Solidarity helps patients and their families find other options to assisted suicide to ease suffering and, Faddis said, expressed a kind of communion in its structure. In a health-share system, members of the organization help to pay each other's healthcare costs. Members are self-pay patients who can see the provider of their choice while Solidarity helps to negotiate a lower rate, which would then be paid by the group of members.
"We're just there to facilitate and to kind of direct them," said Faddis. "The affordability is there because there's no profit in it. We're a non-profit, we're just kind of facilitating that sharing."
"In all ways, we lead our members to the options that are going to respect life, that are going to promote their dignity. We provide care management, we provide services. And we encourage them."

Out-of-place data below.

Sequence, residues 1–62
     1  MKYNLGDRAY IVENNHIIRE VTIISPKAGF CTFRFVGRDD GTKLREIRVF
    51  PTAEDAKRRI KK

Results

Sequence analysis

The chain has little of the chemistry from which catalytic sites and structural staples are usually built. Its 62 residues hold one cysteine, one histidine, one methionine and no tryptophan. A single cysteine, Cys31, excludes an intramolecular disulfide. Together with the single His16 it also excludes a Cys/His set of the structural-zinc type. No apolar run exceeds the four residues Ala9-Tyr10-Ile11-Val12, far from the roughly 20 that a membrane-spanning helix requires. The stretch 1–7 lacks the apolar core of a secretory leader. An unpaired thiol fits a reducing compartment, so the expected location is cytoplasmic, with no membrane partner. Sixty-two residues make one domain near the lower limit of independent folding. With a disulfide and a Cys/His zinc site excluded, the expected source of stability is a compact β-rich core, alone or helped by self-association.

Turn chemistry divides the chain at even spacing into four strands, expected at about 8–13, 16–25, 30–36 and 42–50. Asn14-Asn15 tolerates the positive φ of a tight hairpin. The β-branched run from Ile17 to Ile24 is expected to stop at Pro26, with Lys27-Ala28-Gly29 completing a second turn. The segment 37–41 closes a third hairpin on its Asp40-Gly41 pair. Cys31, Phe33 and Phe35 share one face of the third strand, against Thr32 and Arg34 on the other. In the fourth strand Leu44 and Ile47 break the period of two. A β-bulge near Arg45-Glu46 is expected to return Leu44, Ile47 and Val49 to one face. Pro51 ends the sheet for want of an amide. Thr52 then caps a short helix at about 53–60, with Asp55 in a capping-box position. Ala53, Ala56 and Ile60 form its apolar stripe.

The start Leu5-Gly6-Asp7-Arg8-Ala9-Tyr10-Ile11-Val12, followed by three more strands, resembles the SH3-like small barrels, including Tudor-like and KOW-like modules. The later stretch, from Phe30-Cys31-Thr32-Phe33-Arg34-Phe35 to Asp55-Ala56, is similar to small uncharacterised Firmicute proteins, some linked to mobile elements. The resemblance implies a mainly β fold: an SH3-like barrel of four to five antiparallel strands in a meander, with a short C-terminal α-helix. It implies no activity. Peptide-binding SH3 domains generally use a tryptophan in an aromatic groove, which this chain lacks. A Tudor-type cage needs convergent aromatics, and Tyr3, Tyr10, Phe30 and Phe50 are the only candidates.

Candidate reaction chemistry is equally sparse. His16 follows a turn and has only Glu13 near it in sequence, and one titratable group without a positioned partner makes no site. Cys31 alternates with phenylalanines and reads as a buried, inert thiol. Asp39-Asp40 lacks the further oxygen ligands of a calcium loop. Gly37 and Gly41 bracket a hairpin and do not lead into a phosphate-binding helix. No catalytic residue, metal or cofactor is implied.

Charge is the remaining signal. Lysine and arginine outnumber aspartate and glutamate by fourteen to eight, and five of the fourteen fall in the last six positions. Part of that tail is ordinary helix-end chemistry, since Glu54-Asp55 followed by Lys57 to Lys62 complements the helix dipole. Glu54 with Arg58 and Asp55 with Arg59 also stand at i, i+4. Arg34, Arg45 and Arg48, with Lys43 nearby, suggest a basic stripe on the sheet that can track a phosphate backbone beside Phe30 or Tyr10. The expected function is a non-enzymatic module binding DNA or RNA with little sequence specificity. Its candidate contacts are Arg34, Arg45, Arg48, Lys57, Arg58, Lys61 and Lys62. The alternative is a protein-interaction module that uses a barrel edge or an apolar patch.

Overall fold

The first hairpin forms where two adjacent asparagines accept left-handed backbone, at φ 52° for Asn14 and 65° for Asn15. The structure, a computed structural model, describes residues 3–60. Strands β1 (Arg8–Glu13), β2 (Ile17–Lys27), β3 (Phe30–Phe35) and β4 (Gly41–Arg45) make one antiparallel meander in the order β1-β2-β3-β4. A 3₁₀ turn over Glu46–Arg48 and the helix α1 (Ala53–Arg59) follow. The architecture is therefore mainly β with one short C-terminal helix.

Faddis, who serves as the Catholic health-sharing company's chief operating officer, told CNA that the experience of suffering and death in his own family had formed his commitment to protecting human dignity at the end of life and led to his founding Solidarity. He served as a caregiver for his wife as she was dying of cancer, and experienced first-hand the importance of dignified and respectful hospice and palliative care.
The experiences like his, Faddis said, needed to be shared in the wider battle to resist a culture of death in which suffering has no meaning.
"If we don't tell [an alternative view of suffering], the other side's telling the horror stories of suffering all day long."